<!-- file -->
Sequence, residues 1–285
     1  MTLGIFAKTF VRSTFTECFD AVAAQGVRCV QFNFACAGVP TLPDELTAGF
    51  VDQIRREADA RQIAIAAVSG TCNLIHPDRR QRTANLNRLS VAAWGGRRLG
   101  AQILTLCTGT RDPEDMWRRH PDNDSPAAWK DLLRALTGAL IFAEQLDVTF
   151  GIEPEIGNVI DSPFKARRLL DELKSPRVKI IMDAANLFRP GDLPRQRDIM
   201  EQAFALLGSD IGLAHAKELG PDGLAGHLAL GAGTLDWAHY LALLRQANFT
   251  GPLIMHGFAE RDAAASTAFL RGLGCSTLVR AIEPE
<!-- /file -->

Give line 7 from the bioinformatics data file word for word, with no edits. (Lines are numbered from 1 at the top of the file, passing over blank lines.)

   251  GPLIMHGFAE RDAAASTAFL RGLGCSTLVR AIEPE